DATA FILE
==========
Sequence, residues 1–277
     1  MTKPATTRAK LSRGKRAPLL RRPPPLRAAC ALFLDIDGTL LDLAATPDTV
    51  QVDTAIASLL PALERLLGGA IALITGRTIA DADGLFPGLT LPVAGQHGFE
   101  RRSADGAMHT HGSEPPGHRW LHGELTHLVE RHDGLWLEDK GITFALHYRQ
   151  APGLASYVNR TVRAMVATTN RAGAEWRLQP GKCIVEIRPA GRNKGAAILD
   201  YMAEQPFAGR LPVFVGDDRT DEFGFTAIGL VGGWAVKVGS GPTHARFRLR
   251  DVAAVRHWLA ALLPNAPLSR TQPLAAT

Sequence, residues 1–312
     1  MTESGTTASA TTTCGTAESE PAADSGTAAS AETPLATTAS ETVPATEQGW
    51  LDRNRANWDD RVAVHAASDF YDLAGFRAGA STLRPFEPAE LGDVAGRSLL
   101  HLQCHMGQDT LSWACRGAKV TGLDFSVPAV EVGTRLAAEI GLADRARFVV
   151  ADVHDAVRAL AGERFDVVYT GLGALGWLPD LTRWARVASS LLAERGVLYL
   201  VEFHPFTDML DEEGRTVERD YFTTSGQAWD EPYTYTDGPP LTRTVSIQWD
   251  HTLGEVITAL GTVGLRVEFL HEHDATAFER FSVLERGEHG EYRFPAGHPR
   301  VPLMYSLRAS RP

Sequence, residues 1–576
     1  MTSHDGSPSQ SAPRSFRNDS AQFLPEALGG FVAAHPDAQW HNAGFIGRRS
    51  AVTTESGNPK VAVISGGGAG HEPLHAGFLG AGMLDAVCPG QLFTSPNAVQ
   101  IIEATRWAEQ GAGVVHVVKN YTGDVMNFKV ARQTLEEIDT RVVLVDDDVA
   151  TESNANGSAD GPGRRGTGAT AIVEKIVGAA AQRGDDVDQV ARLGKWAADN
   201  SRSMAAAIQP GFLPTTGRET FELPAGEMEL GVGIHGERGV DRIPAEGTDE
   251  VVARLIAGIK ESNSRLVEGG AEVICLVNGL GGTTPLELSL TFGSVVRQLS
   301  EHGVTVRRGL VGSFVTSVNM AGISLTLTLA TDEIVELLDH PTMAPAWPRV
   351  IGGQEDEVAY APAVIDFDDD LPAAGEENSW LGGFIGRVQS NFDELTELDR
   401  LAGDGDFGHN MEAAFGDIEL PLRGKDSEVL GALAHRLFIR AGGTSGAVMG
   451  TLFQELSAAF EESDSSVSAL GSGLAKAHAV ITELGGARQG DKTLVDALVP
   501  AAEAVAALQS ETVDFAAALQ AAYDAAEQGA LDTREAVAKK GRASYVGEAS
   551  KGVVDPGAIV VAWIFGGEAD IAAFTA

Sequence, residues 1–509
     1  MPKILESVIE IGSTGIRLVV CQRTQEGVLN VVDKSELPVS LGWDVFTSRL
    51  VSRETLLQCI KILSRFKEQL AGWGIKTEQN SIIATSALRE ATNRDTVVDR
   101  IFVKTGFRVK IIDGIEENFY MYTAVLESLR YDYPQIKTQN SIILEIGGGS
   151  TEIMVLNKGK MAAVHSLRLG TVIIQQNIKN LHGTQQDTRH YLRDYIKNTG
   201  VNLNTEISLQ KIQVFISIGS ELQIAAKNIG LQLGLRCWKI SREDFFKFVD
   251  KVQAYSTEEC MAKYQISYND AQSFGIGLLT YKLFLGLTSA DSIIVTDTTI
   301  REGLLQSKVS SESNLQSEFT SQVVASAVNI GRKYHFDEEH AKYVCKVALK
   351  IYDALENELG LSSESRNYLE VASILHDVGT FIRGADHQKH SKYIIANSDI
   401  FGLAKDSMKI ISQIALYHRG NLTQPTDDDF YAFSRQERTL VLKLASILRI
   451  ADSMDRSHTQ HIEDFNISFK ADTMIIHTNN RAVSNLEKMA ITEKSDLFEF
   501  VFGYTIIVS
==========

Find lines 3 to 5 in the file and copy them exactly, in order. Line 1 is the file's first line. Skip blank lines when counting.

    51  QVDTAIASLL PALERLLGGA IALITGRTIA DADGLFPGLT LPVAGQHGFE
   101  RRSADGAMHT HGSEPPGHRW LHGELTHLVE RHDGLWLEDK GITFALHYRQ
   151  APGLASYVNR TVRAMVATTN RAGAEWRLQP GKCIVEIRPA GRNKGAAILD